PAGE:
Yields of African catfish fed diets supplemented with 0.5, 1, 1.5 and 2% Biogen® resulted in 141, 128, 129 and 128% more production than the control diet, respectively (Table 4). African catfish seems to be more efficiently utilizing the nutrient when supplemented with probiotics. Meanwhile, the least net yield was recorded with the fish fed the control diet (without probiotic). Referring to the economic analysis (Table 4) and according to the market price in 2006, the total net return of fish production using probiotic at four levels from 0.5 to 2% were higher than the control. However, the cost-benefit analyses of the present study clearly indicated that the Biogen® diets are better for African catfish Clarias gariepinus than the control diet.
It could be concluded that the addition of probiotic Biogen® as a feed additive in African catfish Clarias gariepinus diets is recommended to improve growth performance and nutrient utilization as well as improve the economic efficiency.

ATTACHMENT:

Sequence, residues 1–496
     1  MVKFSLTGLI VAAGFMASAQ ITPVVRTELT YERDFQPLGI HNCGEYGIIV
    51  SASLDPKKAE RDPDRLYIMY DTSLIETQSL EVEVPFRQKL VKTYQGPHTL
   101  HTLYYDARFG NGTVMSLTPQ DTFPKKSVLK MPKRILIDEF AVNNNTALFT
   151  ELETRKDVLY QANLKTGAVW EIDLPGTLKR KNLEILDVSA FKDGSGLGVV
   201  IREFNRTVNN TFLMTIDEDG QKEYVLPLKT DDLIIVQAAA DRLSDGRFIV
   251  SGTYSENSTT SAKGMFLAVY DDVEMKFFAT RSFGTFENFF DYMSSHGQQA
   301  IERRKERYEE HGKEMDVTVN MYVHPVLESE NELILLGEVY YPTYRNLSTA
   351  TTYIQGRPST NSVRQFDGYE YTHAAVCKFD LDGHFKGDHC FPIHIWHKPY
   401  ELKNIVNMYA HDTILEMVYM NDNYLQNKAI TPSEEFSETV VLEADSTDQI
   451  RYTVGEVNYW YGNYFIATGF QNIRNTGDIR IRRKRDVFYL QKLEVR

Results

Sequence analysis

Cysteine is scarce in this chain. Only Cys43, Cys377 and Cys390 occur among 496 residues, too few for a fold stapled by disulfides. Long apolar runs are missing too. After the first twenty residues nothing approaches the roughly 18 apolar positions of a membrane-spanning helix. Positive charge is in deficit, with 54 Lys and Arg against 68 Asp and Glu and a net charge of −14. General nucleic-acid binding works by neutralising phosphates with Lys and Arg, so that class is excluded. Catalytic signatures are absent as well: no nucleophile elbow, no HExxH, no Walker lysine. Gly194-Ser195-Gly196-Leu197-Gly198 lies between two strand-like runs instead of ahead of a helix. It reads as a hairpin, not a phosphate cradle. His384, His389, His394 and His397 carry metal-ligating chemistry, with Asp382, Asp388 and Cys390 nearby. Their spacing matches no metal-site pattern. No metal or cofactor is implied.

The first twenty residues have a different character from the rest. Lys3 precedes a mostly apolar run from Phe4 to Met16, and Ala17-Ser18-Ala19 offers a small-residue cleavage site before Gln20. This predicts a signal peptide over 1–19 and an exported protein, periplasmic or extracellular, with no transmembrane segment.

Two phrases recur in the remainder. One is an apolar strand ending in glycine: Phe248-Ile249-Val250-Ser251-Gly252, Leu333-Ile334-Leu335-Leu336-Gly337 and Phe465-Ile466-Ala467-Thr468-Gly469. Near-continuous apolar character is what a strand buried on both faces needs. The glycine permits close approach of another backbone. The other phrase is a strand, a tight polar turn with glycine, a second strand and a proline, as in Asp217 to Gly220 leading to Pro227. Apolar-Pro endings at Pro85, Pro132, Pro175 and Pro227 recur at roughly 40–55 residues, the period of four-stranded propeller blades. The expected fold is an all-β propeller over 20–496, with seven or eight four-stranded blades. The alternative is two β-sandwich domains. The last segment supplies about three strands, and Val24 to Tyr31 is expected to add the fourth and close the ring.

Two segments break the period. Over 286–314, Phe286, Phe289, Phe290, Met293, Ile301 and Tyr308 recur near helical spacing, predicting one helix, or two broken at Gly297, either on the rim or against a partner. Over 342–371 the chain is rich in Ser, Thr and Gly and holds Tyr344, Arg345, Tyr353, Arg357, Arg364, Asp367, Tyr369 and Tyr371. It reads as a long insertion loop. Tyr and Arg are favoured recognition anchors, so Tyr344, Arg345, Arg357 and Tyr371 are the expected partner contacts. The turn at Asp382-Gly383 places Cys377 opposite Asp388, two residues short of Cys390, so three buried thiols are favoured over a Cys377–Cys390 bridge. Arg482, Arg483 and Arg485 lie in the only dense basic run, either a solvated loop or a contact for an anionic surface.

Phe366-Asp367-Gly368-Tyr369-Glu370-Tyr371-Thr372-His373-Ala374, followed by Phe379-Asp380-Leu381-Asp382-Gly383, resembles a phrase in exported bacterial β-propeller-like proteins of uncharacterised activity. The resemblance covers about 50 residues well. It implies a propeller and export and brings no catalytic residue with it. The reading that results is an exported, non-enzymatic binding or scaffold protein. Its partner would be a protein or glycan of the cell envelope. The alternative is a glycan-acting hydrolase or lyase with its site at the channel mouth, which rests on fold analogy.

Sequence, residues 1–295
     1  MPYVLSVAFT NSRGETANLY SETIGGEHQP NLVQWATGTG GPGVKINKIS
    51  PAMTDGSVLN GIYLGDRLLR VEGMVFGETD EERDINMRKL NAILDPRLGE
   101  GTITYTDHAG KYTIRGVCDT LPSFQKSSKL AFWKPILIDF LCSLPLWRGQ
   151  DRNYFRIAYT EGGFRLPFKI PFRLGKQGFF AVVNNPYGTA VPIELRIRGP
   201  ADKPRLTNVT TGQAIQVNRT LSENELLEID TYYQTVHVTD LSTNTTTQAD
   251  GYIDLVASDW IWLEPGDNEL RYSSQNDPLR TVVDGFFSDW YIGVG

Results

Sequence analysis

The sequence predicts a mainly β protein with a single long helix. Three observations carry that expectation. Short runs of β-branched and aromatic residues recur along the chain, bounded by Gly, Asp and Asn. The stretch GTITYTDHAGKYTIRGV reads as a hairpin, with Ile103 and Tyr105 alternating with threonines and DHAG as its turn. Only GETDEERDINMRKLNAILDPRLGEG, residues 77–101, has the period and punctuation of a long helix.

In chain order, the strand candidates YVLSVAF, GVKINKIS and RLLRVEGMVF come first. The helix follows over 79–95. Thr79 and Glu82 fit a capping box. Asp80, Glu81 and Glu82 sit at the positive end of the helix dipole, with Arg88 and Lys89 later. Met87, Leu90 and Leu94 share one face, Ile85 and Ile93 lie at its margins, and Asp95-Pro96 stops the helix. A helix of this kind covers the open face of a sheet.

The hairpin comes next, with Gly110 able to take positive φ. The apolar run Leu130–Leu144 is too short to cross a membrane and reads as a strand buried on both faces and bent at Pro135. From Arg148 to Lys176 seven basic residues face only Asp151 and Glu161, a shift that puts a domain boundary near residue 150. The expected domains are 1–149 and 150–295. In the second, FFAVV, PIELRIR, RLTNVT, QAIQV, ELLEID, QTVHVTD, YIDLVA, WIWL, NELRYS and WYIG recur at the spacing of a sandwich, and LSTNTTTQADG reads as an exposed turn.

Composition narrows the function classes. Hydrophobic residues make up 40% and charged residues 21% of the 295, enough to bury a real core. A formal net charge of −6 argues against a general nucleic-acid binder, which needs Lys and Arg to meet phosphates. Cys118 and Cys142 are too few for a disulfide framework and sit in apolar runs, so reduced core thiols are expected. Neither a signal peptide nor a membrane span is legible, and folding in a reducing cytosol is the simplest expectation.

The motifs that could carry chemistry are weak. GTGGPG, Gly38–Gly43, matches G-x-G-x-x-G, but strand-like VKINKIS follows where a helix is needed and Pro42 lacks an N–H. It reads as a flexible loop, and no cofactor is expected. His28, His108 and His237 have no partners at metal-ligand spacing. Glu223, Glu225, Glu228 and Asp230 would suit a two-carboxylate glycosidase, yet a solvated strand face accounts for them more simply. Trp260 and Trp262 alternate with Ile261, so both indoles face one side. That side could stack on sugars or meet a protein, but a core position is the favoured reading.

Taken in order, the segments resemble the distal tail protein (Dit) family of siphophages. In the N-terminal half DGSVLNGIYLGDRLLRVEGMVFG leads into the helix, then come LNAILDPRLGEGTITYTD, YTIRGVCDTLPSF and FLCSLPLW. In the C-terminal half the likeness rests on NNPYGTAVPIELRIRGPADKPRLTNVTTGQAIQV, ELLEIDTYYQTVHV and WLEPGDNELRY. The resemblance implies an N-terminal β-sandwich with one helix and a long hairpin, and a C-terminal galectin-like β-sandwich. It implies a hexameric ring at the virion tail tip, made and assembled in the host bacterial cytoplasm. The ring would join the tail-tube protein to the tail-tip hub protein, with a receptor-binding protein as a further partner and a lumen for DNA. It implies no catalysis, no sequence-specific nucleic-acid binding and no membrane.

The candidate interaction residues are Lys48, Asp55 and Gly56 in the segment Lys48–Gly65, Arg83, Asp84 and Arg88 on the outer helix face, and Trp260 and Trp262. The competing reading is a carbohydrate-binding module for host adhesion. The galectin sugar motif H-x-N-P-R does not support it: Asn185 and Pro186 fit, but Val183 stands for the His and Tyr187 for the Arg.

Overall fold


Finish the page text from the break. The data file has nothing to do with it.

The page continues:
The authors are grateful to the Middle East land Reclamation Company (MELARC) for the supply of the ingredients and the fish farm used in this study. The authors wish to thank the Department of Animal Production staff and technicians at Faculty of Agriculture, Cairo University for their technical facilities providing.
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folorunso adebayo Reply
pls where can i buy probiotic biogen in nigeria because i am catfish farmer thanks.
emmanuel oghai Reply
i am atlso inetrested in where to get probiotic biogen, i am besed in Port Harcourt